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Bleg: Need a new gun safe

What do you guys recommend? For long guns. Likely a 24 rifle capacity. Fire rated for an hour. And, if it had some drawers, that’s be a plus.

36 Responses to “Bleg: Need a new gun safe”

  1. Linoge Says:

    I like my Cannon, but I haven’t had cause to test any of its features yet.

  2. qmony Says:

    I bought a Browning Pro Steel Silver SR45 recently. I could not be happier with it.

  3. Anthony Says:

    I bought my safe from Drake Safes out of NC. 1/4 inch steel for the door and the sides or you can upgrade as needed, and I thought the prices were very reasonable for what you get. Good family to deal with also. Now that I’ve lived with it for a year, when we see the mass market safes at the local outdoor stores we’re so glad we got ours.

    Uncle, you need to guest on Sean’s podcast!

  4. Mike Says:

    What’s your budget? If you can spend ~$1,500, Amsec BF series. This is a pretty illuminating thread on gunsafes:

  5. Shootin' Buddy Says:

    Johnson. Magnificent welding, superior insulation.

  6. aerodawg Says:

    They did my vault door and ive been well pleased with it.

  7. Tim Says:

    I bought the Browning Prostyle Hunter Safe and have been impressed with it in comparison to my Liberty and Home Depot (Sentry) safes.
    Highly recommended. Stay with the USA made safes, the upgrades that are available are worth the small premium over the Browning imported safes.

  8. JTC Says:

    Jewelry stores close and sell their fixtures all the time. Most have a UL TL-30 the size of a large fridge. These cost 5-8K new and these used ones can be had for 1-2K if your timing is right. Use your cabinet skills to build out the interior to suit you. Moving is expensive but worth it, paying a pro a couple hundred will save more than that trying to do it yourself.

    These things weigh 3000-5000 lbs and have laminated steel plate and hi-tensile concrete walls and glass-plate trigger relockers in the door…nobody is going to carry it out and only a pro with specialty equipment and a lot of time is getting into it. Not as pretty as a “gun safe” but I’m guessing it won’t be on display. None can compare to this level of security, and you will want to keep your cash, jewelry, and coins/bullion in there too.

    I know you will tend to disregard my recommendation, but others here might benefit from the nearly four decades of safe and security experience from which it is gleaned, some of it the very hard way.

  9. FiftycalTX Says:

    Well, I got a deal from the mountain of geese. It has a 75 minute rating, got $65 delivery (I’m 75 miles from stoar) and it holds all I need, (right now).

  10. Critter Says:

    I bought a Winchester (dunno who actually made it, but that’s the name on it) 32 rifle safe last year. It has the mechanical lock as opposed to the electronic one. right at 1100 and i paid the delivery guy 100 cash to put it where i wanted it. My local gunshop had them on sale and I jumped on it. I like it.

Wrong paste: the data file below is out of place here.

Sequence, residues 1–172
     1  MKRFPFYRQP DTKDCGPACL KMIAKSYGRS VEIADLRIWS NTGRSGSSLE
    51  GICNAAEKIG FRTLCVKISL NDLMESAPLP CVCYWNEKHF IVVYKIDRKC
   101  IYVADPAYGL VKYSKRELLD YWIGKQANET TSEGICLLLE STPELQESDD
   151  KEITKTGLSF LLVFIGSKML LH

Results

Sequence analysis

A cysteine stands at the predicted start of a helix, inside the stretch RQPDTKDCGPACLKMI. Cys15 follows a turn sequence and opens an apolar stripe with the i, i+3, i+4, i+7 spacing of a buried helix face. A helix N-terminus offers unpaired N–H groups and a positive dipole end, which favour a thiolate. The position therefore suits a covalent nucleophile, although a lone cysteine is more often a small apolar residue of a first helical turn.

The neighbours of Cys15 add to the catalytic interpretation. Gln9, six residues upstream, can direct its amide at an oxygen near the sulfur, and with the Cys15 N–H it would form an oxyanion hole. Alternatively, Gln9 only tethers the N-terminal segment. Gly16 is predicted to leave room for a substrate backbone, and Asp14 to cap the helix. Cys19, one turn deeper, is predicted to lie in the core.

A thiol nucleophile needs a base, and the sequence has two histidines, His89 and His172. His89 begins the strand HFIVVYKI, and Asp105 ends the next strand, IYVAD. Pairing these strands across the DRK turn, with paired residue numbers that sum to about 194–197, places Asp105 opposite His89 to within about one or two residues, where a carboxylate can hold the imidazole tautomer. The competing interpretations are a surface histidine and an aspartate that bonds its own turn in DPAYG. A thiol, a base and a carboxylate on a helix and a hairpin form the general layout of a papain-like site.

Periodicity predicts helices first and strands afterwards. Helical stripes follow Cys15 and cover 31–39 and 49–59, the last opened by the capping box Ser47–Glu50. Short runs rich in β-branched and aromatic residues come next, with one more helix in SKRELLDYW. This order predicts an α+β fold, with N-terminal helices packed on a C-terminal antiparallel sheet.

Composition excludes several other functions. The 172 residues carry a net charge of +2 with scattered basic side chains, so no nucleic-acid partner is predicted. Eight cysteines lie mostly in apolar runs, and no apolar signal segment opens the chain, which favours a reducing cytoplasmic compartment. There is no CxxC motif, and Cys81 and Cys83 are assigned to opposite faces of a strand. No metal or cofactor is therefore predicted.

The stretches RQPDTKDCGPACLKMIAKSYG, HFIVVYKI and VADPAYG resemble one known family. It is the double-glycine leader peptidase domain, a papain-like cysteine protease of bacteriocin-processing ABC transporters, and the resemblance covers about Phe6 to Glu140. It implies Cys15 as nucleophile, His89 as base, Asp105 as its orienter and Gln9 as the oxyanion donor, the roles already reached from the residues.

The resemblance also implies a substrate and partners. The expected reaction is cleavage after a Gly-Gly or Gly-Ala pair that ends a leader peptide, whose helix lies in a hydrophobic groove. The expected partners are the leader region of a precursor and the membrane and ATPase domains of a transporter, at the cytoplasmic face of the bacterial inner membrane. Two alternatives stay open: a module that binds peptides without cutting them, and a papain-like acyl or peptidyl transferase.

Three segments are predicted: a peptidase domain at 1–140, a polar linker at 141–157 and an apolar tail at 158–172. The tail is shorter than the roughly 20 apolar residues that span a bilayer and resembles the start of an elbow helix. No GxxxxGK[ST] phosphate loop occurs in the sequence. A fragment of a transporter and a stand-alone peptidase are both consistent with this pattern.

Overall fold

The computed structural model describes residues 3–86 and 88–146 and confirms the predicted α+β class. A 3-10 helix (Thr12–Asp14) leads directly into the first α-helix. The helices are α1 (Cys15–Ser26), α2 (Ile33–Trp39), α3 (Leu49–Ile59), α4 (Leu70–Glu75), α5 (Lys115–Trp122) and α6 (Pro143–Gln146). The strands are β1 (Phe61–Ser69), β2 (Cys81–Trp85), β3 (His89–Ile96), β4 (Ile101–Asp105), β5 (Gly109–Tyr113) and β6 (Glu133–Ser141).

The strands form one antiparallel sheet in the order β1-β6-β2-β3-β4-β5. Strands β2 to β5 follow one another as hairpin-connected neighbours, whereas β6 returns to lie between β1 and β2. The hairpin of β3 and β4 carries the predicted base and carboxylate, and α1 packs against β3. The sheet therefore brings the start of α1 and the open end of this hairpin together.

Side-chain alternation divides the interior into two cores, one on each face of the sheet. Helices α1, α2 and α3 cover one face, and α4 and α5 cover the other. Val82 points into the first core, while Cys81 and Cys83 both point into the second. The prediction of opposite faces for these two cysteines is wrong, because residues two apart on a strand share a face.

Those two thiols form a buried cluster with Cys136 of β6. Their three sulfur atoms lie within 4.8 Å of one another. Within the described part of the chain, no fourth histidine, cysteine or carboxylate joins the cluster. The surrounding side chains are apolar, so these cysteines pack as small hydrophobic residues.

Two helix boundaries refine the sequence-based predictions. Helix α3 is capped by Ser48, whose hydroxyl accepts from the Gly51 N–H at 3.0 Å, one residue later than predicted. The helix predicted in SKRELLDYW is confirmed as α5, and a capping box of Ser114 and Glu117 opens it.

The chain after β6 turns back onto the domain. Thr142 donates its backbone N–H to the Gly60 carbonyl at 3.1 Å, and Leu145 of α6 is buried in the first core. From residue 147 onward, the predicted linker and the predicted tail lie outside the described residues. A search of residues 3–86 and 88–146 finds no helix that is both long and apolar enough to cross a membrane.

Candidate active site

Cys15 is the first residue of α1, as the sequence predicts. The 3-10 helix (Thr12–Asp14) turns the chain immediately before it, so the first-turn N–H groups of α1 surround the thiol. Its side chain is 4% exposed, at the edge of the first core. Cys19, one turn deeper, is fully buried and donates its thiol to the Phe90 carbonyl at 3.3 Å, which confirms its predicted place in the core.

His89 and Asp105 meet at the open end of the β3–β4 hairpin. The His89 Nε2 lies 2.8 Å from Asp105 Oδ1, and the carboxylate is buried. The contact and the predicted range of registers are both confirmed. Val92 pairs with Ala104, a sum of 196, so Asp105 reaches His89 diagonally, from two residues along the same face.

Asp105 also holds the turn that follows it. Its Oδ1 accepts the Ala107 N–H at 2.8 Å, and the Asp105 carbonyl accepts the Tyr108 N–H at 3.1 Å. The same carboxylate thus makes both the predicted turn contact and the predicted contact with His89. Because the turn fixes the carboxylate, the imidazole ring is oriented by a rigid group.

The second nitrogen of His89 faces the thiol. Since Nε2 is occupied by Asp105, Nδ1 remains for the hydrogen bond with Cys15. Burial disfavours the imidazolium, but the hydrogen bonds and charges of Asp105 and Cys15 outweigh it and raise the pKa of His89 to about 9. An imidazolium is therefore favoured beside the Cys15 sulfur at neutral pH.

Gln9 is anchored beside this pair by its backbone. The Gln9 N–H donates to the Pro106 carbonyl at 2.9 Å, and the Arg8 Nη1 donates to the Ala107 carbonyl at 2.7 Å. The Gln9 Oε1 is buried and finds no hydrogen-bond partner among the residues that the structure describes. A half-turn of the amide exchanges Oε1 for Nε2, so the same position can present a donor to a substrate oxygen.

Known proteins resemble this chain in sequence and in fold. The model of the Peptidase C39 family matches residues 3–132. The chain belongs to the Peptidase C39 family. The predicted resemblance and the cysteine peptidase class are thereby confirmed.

11. Pete Says:

    The problem with most of these safes is, they aren’t. They are residential security cabinets and a porta-band or sawzall will have them open in minutes.

    If you want a safe, buy a used jewelry safe or order from these guys:

  12. Will Says:

    To be legally called a ‘SAFE’, it must meet the certification requirements. As Pete mentions, most are ‘security cabinets’. BIG difference in capabilities.

  13. Kevin Says:

    Assuming a tin box with a great paint job isn’t what you want to buy, buy a surplus Class 5 security container (rifle rack, comsec, etc – Class 5 is the key phrase) from Government Liquidation. Even after the various costs it will be both much cheaper and will be far, far secure than anything you can buy from anyone other than Amsec, and you don’t want to pay for a new TL-30 Amsec gun safe. Keep searching for a while, might take month or two to find one within a few states. You will have to go pick it up, bring a trailer that can have forklift load a pallet on it and then strap it it down. Have a safe guy who knows how to service government security containers work on it and possibly replace the lock before you put anything in it, preferably before you lock the door at all even when you haul it home. (Yes, I’ve had to have one drilled to open the door the first time – that sucked).

    You can also ask around the safe dealers (not the gun dealers) for used safes on the size you want.

    The used jewelry safe is a great idea, but I’ve never actually been able to pull it off. I’ve got 3 Class 5 containers, cost me maybe $2K plus $1K in service, gas, trailer rental, etc.

  14. Kevin Says:

    Fire ratings are generally worthless for gun safes. Notice how everyone just makes makes up their own standard? That’s because the way an actual fire safe keeps the content below about 350 degrees is water. Most people don’t like their guns to rust, which is what happens in an actual fire safe (high humidity is OK for the paper records – not so great for guns). Not to mention that having your guns in 350 degree steam for an hour, then sitting covered in moisture for a few days until the FD allows your safe guy to drill it open is probably not going to be ideal.

    Normal gun safes with fire rating apparently don’t keep out the fire combustion products. These are “highly reactive” and I’ve been told they will often turn your guns into junk by the time the FD allows your safe guy to drill it open even if they didn’t get cooked.